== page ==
Everyone loves white rice and pasta, but they don’t have high levels of fiber like whole grain or wholemeal alternatives. So instead, try and eat brown rice, whole grain bread, and pasta.
Don’t Peel Your Fruits and Veggies.
Plenty of fiber in fruits and veggies is found in the peels, so don’t reach for your peeler too quickly. After all, a crispy baked potato that’s fluffy on the inside is very sumptuous.
Don’t Forget All Other Aspects of Your Diet.
As you focus on taking plenty of fiber, don’t forget about all other aspects of your diet. Ensure you’re taking a variety of foods, so don’t miss out on other vital nutrients.
7-Day High Fiber Diet Meal Plan
This 7-day high-fiber meal proposition has it all laid out for you to make it easy and delicious to get your fiberfill every day. Fiber is a dietary rock star with some pretty impressive well-being advantages.
Studies credit taking more fiber with healthy gut bacteria, a healthy heart, a lower risk of diabetes, weight loss, and more regularity in your stomach.
Therefore if fiber can do all that, why are 95% of Americans still not getting enough? On average, Americans only take 16 grams of fiber per day, which is significantly less than the prescribed intake of 28 grams per day.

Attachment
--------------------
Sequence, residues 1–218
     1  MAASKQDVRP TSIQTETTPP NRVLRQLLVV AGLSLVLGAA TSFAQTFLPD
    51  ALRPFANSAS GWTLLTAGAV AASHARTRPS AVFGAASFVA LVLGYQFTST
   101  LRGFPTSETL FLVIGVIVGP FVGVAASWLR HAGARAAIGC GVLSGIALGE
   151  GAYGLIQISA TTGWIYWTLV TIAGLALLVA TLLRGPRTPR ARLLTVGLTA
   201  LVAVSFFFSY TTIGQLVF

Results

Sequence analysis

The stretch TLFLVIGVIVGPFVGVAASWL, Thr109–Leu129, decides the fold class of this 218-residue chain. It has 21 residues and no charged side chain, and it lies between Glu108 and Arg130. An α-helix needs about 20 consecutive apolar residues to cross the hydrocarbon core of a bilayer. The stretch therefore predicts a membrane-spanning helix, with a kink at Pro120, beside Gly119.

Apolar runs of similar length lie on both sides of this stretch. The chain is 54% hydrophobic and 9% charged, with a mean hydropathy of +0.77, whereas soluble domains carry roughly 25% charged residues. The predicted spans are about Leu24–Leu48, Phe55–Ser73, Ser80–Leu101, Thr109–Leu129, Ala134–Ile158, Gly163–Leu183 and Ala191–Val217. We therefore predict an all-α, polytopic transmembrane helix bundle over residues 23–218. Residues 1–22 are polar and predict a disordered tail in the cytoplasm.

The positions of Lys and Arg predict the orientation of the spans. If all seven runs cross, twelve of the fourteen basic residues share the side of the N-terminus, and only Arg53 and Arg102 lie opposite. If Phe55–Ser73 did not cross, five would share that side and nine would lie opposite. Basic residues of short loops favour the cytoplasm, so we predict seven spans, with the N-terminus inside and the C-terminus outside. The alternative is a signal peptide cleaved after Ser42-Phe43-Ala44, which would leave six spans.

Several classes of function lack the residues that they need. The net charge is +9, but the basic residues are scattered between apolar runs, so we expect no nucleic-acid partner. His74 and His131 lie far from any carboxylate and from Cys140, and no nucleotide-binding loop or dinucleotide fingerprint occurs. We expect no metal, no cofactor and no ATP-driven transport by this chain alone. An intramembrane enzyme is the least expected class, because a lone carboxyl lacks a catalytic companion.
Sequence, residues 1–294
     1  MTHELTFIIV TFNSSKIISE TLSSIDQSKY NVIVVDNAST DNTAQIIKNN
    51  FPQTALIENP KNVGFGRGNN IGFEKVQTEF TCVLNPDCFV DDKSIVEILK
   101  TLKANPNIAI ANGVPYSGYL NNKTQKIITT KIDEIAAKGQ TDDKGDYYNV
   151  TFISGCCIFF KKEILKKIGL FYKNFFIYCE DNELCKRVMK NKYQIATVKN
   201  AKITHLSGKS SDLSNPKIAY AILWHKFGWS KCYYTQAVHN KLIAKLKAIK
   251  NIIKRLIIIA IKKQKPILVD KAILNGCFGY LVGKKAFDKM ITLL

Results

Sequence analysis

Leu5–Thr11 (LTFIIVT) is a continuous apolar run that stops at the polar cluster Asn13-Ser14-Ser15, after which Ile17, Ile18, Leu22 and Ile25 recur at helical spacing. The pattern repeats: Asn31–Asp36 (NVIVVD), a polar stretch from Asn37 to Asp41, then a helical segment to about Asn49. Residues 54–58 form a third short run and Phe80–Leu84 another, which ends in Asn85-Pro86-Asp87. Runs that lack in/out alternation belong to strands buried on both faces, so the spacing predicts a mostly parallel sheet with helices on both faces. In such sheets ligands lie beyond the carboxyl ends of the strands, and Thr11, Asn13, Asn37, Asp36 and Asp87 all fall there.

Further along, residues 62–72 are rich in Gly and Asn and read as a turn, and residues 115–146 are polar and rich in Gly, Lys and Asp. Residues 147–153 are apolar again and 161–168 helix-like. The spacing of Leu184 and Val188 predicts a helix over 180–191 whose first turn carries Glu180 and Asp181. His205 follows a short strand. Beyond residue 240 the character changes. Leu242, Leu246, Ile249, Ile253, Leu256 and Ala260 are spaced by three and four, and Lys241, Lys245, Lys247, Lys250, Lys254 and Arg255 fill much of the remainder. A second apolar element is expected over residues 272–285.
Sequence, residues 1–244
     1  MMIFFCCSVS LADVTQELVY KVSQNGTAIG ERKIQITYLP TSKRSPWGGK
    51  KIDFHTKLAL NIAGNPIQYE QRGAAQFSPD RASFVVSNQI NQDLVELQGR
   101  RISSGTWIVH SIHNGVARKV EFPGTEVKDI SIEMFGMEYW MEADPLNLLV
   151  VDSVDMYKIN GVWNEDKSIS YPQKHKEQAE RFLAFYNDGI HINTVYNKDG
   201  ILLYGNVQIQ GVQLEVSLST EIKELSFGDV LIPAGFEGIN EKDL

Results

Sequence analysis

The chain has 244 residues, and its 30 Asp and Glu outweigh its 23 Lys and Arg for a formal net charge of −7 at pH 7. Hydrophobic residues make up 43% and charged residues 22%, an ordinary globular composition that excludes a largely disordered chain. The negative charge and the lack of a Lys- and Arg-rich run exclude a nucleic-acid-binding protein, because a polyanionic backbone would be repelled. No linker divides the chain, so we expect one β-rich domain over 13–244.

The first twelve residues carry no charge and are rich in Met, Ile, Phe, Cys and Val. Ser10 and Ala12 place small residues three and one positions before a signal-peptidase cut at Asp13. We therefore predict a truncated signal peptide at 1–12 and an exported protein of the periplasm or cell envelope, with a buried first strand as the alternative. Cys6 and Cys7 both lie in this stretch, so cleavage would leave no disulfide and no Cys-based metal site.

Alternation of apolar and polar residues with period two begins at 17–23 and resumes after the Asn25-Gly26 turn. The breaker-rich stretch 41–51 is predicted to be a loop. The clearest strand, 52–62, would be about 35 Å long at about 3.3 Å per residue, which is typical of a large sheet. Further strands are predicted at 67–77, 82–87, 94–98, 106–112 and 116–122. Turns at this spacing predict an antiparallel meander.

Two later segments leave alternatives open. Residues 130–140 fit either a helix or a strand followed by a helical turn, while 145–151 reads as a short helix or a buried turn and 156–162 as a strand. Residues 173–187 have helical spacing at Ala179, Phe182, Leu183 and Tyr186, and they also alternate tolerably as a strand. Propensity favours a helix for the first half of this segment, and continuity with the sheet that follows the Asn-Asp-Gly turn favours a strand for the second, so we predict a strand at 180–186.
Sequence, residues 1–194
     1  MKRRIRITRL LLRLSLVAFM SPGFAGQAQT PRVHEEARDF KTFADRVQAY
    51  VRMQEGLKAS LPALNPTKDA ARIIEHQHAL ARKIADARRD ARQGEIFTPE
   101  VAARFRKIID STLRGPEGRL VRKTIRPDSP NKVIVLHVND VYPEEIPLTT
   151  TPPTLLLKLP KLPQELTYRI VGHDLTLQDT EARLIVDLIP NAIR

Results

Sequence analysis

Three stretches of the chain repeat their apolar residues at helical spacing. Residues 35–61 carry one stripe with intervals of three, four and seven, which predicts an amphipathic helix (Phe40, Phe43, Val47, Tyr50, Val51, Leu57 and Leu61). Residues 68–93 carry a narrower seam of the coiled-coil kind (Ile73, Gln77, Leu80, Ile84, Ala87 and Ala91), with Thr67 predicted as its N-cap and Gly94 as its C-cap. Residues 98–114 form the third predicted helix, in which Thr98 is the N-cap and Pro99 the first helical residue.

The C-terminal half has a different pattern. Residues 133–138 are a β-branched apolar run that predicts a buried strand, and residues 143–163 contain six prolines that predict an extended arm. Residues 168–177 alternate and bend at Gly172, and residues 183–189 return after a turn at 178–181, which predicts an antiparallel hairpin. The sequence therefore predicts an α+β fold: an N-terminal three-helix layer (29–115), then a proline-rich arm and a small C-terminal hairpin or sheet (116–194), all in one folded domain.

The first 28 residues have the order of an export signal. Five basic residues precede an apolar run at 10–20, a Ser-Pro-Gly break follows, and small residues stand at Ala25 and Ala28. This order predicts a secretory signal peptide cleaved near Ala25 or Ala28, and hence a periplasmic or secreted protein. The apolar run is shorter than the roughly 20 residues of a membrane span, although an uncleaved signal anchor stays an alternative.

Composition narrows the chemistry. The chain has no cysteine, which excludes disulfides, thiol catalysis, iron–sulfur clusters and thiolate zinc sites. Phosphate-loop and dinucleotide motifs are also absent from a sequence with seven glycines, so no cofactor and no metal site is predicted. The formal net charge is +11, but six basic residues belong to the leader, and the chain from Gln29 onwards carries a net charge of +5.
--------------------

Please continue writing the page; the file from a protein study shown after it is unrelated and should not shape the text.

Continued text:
As a result, scheduling your meals and bites each week to reach the recommended amount of fiber can be a bit difficult.
This 7-day high-fiber meal plan is designed for you to make it easy and still sumptuous to get your fill each day.
The bites and foods in this regimen include plenty of fruits, legumes, nuts, seeds, veggies, and whole grains.
However, the foods in each group are renowned for comprising the highest fiber. Such foods include black beans, broccoli, chia seeds, oatmeal, and raspberries.
So, whether you stick to this meal plan precisely or just pluck a few ideas here and there, you’ll have a much simpler time acquiring the fiber you need to be better and remain healthy.
Keep in mind that if you’re not used to consuming high fiber foods integrate them into your diet gradually and take a lot of water throughout the day.
Consuming too much fiber quickly can cause your stomach to cramp
- Breakfast: Overnight cinnamon oats: A lot of people love the oatmeal cold, but you can warm it up a bit since it will be too cold when you take it out of the fridge. Also, you can add nuts for crunch and flavor. The fiber content is 7 grams per 100-gram serving.